>Some quick impressions, a tangent, and then what’s next

>Sorry for the lack of updates; after I finished AC2, time get away from me.

So, here’s what’s been cooking lately:

1. Finished both halves of the God of War Collection. God of War 1 was very good, albeit excruciatingly frustrating in certain sections; I nearly broke my controller in half throughout several areas in the 2nd half of the game. God of War 2, on the other hand, was absolutely phenomenal from top to bottom; the HD upgrade looked fantastic, the combat was just as crisp and bloody, the locales were varied and gorgeous, the sense of scale was much more epic; I am now fully on board for God of War 3.

2. Dabbled a little bit in The Saboteur. I have a soft spot for Pandemic; I was bummed to see them dissolve last week. And I knew that the reviews weren’t really all that kind; I still figured I’d give it the benefit of the doubt. The reviews, unfortunately, were right. The game is glitchy as hell, and the free-running/wall-climbing feels awfully stiff, especially after playing AC2, which nailed it so well. It’s got interesting ideas; it’s just shabbily executed. Sad to say that this was becoming par for the course, as far as Pandemic was concerned; they peaked with Mercenaries 1.

TANGENT – It occurs to me, in the wake of The Saboteur, that game criticism has a unique set of criteria that other media don’t generally have, i.e., technical proficiency. An album can be recorded with shitty microphones and yet it still kicks ass, almost because of how lo-fi it is (Guided By Voices); film can work in much the same way. But a videogame’s technical shortcomings are never done on purpose, and they are nearly always detrimental to the player’s experience. No game has a shitty frame rate on purpose; screen tears and physics glitches and bugs will always be annoying. And these sorts of anomalies don’t really have similar counterparts in movies and music. Sure, a close listener can spot a rough overdub, and certainly there are continuity errors in film, but that’s not quite the same thing as hitting LB and X to perform a stealth kill in The Saboteur and having nothing happen, over and over again, until the Nazi you’re trying to murder turns around and then stands in one place shooting at you. The closest thing I can really think of is CG in movies, especially with a movie like Avatar – are the effects good enough to fully suspend disbelief? [I need to expand on this idea, I think; it’s early in the morning as I write this and this is isn’t as well formed as it could be.]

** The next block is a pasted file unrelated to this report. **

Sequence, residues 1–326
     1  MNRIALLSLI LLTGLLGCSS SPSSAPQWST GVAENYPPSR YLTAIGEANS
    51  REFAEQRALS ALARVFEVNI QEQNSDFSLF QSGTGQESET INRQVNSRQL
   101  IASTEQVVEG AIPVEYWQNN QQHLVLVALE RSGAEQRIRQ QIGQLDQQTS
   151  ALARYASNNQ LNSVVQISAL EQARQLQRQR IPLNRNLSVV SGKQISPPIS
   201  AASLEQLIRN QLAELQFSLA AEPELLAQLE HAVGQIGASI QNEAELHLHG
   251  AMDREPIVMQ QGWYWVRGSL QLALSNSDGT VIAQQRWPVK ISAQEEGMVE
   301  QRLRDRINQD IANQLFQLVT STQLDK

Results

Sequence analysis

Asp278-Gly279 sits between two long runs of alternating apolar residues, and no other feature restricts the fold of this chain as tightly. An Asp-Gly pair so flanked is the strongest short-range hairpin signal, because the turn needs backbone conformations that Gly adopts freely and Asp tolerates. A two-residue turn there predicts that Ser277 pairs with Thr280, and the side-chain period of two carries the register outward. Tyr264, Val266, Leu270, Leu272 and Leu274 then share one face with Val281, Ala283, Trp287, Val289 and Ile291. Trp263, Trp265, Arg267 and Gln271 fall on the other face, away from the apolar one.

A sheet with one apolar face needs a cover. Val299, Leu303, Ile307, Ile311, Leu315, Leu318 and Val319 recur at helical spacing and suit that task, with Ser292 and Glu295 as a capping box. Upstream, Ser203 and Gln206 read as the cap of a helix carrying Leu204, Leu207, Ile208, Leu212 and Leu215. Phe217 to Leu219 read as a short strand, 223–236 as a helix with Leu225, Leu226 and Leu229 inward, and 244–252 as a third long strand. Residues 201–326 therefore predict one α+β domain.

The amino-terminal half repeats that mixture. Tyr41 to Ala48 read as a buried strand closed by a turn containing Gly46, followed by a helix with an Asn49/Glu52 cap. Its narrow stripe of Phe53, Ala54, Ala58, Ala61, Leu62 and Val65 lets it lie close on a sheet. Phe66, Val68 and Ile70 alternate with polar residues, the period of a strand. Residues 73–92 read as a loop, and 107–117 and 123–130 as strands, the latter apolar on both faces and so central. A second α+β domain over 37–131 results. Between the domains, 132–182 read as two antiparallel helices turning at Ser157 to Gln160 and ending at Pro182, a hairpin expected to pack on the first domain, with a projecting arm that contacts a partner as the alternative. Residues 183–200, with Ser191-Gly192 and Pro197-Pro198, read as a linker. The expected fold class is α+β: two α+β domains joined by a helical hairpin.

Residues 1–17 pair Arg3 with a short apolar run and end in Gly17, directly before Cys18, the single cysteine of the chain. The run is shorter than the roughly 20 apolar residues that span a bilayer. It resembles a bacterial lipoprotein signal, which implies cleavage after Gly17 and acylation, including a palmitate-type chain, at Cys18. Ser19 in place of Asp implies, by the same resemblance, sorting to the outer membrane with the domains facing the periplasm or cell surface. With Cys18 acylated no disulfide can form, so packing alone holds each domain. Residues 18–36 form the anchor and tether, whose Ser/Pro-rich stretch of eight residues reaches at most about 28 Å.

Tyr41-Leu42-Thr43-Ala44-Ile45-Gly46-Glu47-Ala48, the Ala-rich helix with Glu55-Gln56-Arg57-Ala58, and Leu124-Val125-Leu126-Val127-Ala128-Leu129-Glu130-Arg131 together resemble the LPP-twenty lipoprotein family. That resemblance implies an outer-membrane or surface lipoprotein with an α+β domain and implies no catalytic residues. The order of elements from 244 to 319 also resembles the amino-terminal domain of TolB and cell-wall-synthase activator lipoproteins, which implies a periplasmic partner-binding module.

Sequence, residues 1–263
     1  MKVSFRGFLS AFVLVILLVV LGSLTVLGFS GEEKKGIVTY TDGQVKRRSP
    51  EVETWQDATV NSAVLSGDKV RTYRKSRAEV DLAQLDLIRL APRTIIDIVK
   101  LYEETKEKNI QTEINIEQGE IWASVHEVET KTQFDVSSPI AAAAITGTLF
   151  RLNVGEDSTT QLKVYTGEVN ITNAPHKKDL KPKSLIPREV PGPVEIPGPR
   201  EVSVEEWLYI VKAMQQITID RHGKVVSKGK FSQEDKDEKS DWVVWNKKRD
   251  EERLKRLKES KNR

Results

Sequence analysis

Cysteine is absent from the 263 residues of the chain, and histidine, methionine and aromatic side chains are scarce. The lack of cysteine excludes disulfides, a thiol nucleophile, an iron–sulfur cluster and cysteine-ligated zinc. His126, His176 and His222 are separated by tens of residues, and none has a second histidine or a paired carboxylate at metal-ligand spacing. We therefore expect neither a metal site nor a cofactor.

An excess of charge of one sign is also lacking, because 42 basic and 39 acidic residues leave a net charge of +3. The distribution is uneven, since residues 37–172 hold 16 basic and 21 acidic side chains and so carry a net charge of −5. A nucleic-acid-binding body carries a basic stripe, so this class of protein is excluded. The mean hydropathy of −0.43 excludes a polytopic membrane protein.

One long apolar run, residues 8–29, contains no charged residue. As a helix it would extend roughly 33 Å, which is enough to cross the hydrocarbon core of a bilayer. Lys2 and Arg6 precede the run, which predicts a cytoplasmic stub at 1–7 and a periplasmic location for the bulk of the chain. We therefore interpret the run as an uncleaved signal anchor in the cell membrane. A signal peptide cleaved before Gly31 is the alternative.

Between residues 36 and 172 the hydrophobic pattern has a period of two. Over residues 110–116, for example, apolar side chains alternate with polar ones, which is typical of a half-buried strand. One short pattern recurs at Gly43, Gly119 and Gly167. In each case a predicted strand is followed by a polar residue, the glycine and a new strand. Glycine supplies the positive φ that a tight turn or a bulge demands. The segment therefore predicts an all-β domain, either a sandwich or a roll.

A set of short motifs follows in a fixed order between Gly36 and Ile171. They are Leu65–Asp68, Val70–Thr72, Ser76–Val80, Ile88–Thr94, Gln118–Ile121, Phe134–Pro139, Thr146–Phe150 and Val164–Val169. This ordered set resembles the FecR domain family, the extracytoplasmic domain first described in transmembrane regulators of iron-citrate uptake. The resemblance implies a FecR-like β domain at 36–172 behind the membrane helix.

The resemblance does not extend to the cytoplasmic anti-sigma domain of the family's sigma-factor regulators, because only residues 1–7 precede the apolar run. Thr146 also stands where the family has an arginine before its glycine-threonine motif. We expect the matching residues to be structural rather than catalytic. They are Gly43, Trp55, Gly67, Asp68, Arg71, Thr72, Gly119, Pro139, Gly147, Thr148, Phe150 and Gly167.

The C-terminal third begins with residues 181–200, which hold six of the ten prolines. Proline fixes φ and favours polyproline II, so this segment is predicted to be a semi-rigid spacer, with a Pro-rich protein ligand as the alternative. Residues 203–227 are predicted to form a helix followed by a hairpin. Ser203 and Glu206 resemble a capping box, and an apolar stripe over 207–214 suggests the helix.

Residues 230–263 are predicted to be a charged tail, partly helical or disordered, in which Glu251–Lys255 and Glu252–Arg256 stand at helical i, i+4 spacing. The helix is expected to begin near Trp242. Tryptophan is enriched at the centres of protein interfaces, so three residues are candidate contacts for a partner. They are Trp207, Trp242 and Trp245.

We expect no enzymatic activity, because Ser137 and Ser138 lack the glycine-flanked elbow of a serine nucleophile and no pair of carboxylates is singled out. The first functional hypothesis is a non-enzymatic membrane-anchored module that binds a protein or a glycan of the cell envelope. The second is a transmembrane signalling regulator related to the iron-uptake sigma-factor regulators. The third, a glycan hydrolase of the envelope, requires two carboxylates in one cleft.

3. Played through the first stage of PixelJunk Shooter last night. It’s pretty good, actually; it’s got a great visual style, the music is terrific, and it has a really nice feel to it. You don’t necessarily realize that you’re actually playing a puzzle game instead of a dual-joystick shooter, and that’s probably the most impressive thing about it.

The next thing you’ll see on this site, aside from impressions on the new Zelda DS game, is our 2009 Games of the Year. And soon after that, we’ll post our Games of the Decade.

Author: Jeremy Voss

Musician, wanna-be writer, suburban husband and father. I'll occasionally tweet from @couchshouts. You can find me on XBL, PSN and Steam as JervoNYC.

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